Much of the criticism of Torres surrounds the fact that he cost so much. Well, perhaps it’s easier to laugh at his goal record (he’s scored fewer times over the last three months than Everton keeper Tim Howard) than it is to question how Roman Abramovich came to acquire enough money to be able to blow £50m on a striker in the first place.
You see, £50m is an unimaginable amount of money to us. (Well, it is to me. If you feel differently, all I will say is: Can I have a go on your yacht?) It’s a significant sum to Abramovich, but it’s a sum he can afford to lose.
There’s another question to be asked here, especially at a time when Darlington are in danger of going the same way as the local convenience store. What sort of game has English football become whereby clubs can only compete at the top level if run by the sort of person who can afford to blow £50m?
Torres has been a flop at Chelsea, but he was a gamble the owner could afford to take. His signing was never going to drive the club out of business, even if he didn’t score a single goal.
My point is this: If Torres had cost £2m, would he have been seen as a waste of money? In the Premier League, probably not. You see, Jessie J, it really is all about the price tag – even if, to a man of Abramovich’s wealth, Torres is arguably no more a waste of money than buying a carton of orange juice from Tesco Express instead of Lidl.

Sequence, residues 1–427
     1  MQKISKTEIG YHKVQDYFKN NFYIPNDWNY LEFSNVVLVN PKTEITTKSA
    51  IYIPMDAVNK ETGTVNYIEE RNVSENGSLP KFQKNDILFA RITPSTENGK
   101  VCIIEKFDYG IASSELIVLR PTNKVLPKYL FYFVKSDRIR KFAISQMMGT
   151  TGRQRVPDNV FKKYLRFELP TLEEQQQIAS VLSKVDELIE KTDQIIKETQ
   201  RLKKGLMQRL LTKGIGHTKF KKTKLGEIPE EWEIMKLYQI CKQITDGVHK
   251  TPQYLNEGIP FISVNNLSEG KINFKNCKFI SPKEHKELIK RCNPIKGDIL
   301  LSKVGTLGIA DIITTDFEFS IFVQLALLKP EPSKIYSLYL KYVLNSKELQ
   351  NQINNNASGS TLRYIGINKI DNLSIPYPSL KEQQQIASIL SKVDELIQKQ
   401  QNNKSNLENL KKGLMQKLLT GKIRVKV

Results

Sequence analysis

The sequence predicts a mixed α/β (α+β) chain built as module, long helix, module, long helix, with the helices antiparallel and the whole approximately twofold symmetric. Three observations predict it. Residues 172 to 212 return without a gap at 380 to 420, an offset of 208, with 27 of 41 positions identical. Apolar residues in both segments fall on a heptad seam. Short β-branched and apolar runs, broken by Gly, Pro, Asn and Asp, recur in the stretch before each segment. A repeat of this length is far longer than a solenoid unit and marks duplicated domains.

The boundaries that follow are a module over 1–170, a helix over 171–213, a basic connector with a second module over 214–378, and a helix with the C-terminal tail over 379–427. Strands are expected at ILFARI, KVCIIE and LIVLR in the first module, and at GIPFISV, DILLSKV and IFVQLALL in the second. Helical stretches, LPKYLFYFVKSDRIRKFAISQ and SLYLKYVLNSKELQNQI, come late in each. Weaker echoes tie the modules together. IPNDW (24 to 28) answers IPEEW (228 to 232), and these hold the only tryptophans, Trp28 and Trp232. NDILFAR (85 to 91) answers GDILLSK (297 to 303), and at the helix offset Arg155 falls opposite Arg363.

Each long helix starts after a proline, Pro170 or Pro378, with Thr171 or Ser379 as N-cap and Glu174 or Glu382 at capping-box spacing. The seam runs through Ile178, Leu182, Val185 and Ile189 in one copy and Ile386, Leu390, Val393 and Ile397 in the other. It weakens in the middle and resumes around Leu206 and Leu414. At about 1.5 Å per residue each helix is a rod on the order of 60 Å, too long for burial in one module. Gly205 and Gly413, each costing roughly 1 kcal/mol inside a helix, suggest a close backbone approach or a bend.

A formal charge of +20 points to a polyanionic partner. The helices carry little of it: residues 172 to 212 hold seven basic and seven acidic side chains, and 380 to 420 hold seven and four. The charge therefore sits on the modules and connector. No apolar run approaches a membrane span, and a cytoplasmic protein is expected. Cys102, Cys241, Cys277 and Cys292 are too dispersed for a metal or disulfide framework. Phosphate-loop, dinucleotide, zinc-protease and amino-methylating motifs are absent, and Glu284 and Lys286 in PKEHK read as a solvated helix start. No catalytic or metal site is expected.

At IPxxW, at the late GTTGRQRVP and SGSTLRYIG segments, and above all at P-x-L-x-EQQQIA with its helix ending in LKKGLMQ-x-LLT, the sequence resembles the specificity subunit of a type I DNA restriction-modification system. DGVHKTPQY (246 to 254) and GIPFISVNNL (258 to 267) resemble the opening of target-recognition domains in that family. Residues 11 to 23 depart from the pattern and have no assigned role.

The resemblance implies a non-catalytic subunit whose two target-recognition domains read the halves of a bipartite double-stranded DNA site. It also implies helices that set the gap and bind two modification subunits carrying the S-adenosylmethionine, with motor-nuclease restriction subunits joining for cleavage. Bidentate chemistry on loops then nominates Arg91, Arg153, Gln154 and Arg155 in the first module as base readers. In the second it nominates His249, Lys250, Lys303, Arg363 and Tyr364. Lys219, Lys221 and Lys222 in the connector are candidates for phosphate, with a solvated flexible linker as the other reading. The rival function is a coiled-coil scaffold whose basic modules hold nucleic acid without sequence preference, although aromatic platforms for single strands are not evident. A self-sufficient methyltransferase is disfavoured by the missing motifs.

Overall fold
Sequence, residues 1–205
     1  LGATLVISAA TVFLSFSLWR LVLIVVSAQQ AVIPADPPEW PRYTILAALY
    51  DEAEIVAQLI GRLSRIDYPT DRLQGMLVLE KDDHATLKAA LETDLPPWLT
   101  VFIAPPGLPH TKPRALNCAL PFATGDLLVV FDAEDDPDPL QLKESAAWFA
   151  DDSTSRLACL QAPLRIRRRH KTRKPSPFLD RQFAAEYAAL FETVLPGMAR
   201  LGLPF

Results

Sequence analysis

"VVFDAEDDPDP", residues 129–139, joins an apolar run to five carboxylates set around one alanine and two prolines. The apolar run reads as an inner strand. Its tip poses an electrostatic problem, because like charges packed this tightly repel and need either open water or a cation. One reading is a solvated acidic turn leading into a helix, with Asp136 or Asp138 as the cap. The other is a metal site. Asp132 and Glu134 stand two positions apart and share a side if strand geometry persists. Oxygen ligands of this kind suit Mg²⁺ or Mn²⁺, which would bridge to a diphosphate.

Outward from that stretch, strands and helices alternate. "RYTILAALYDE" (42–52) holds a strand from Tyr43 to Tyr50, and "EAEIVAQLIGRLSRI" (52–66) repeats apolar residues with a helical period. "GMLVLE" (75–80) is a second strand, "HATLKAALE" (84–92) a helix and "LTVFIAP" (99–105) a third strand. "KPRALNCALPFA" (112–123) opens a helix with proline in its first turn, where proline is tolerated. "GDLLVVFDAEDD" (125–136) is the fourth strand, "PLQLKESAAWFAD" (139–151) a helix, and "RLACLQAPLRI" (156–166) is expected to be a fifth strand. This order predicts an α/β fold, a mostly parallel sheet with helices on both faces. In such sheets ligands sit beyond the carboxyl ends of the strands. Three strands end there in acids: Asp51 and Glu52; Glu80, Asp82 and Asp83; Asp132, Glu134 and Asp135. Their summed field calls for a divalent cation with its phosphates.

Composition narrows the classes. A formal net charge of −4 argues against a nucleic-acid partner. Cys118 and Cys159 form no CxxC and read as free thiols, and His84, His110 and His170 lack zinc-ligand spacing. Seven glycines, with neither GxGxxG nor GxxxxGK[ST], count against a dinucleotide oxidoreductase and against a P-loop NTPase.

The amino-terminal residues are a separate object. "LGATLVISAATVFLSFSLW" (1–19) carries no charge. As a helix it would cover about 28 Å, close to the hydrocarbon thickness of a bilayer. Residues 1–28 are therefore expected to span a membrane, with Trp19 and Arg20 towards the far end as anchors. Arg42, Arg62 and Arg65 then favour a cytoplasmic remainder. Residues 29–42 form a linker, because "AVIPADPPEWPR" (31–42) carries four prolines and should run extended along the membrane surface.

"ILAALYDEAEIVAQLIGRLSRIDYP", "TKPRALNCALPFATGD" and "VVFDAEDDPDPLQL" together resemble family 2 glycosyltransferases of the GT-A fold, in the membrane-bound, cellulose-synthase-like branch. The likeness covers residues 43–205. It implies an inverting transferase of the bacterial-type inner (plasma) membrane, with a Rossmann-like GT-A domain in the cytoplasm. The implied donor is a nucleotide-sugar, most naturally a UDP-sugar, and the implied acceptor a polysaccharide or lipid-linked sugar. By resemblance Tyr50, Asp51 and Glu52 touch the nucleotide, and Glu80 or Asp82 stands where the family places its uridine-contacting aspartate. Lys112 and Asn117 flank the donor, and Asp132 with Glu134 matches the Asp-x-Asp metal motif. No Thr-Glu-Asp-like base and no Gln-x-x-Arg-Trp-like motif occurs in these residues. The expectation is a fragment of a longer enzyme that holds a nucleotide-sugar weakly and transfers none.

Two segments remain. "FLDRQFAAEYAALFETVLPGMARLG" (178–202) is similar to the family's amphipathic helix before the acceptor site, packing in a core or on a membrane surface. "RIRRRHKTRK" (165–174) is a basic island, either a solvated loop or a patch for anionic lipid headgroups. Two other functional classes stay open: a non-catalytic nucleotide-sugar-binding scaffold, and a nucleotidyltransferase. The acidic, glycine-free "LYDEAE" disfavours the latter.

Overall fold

1. Fulham: 5 (2L: 1, 3L: 2)
2. West Brom: 4 (2L: 4, 3L: 4)
3. Aston Villa: 4 (2L: 4, 3L: 3)
4. Norwich: 4 (2L: 3, 3L: 2)
5. QPR: 4 (2L: 1, 3L: 1)
6. Swansea: 3 (2L: 4, 3L: 4)
7. Sunderland: 3 (2L: 4, 3L: 0)
8: Wolves: 3 (2L: 2, 3L: 4)
9. Stoke: 3 (2L: 1, 3L: 4)
10: Liverpool: 3 (2L: 1, 3L: 3)
11. Wigan: 2 (2L: 6, 3L: 4)
12. Blackburn: 2 (2L: 2, 3L: 3)
13. Tottenham: 2 (2L: 1, 3L: 0)
14. Newcastle: 2 (2L: 0, 3L: 0)
15. Bolton: 1 (2L: 3, 3L: 4)
16. Chelsea: 1 (2L: 0, 3L: 3)
17. Everton: 0 (2L: 5, 3L: 4)
18. Arsenal: 0 (2L: 2, 3L: 1)
19. Manchester United: 0 (2L: 1, 3L: 0)
20. Manchester City: 0 (2L: 0, 3L: 1)
2L = On second last (Sunderland 2 Swansea 0)
3L = On third last (Stoke 1 West Brom 2)
(Teams receive one point every time they are last on MOTD. Teams level are separated by the number of times they are on second last, then by the number of times they are on third last. MOTD2 not included.)